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and the Sumerians. It is from these two great cultures that the later of Gods of Greece and Rome were evolved. At school much time was devoted to the study of "Ancient History" i.e. Greece and Rome, but no such time was spent on the truly ancient histories of Egypt and Sumeria. It is here in the middle east that these two great civilizations cast their vast shadows over the many civilizations to follow.
The Cradle of Civilization.
Both the Egyptian and Sumerian civilizations over the millennia evolved a rich, detailed and diverse mythology. Each culture developed its own complex, polytheistic system of deities and worship. But was there a convergence? Was there a starting point? This the first in a series of Pages devoted to the Ancient Gods. In this article I will look at the beginnings in Egypt, Zep Tepi (the First Time).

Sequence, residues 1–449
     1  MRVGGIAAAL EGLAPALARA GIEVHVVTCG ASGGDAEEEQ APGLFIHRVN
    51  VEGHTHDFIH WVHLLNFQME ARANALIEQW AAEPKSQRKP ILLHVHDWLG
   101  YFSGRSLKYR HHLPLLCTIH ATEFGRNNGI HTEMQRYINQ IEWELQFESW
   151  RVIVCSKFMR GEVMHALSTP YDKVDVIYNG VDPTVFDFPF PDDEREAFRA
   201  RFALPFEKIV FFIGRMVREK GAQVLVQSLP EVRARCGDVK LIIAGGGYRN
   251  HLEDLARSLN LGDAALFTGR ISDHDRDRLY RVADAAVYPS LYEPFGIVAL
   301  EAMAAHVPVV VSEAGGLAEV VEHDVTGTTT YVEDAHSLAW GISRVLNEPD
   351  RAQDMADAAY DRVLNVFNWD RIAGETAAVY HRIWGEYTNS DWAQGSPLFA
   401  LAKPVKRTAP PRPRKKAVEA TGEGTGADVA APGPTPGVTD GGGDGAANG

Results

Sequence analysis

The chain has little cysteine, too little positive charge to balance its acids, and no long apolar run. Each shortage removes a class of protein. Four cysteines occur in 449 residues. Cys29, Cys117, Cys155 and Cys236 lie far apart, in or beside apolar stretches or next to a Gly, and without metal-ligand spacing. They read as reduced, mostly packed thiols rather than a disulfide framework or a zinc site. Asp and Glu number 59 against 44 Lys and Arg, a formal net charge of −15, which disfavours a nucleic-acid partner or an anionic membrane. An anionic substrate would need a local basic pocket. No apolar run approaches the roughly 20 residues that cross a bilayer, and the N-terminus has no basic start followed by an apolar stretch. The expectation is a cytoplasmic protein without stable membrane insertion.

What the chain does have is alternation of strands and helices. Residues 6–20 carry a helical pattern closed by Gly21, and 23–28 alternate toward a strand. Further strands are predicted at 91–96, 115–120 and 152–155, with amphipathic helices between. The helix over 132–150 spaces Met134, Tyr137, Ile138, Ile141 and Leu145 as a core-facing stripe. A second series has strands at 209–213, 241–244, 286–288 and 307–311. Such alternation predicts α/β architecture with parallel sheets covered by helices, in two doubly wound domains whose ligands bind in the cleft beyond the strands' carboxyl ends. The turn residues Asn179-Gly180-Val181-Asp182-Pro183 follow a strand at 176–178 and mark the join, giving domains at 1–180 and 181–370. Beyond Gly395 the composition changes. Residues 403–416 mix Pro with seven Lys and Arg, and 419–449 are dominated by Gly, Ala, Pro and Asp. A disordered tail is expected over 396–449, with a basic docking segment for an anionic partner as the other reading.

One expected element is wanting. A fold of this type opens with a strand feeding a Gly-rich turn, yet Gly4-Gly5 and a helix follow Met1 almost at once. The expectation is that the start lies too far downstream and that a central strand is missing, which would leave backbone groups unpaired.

So where to begin? One of the best sources on the history of Egypt is Manetho, a priest during the reigns of Ptolemy I and Ptolemy II. He is said to have been involved in the creation of the cult of Serapis - a god added to the Egyptian pantheon with both Hellenistic and Egyptian traits during the reign of Ptolemy I -, but this can not be confirmed. Manetho owes his importance to the fact that he wrote the Aegyptiaca, a collection of three books about the history of Ancient Egypt, commissioned by Ptolemy II in his effort to bring together the Egyptian and Hellenistic cultures. In order to do so, Manetho had access to the archives of the temple where he served as a priest. Such archives contained a vast number of different kinds of writings, ranging in contents from mythological texts to official records, from magical formulas to scientific treaties. He thus had all the sources he needed to write down the history of his country. With such sources, however, we may not be surprised to find myths and folk-tale mixed with the facts of the Egyptian history. It is to Manetho's Aegyptiaca that we owe the division of Ancient Egyptian history in 30 dynasties. This division is not always based on historical facts: it was in parts based on mythology and in parts on divisions of ruling families already established in the past. Storytellers in cultures throughout time devote themselves to answering that question by recalling the acts of divine creation. In the land of Egypt, the ancient priests recited several versions, each complementary story designed to highlight the various aspects of divine creative energy. Egyptian Mythology, specifically, the religion of ancient Egypt. The religious beliefs of the ancient Egyptians were the dominating influence in the development of their culture, although a true religion, in the sense of a unified theological system, never existed among them. The Egyptian faith was based on an unorganized collection of ancient myths, nature worship, and innumerable deities. In the most influential and famous of these myths a divine hierarchy is developed and the creation of the earth is explained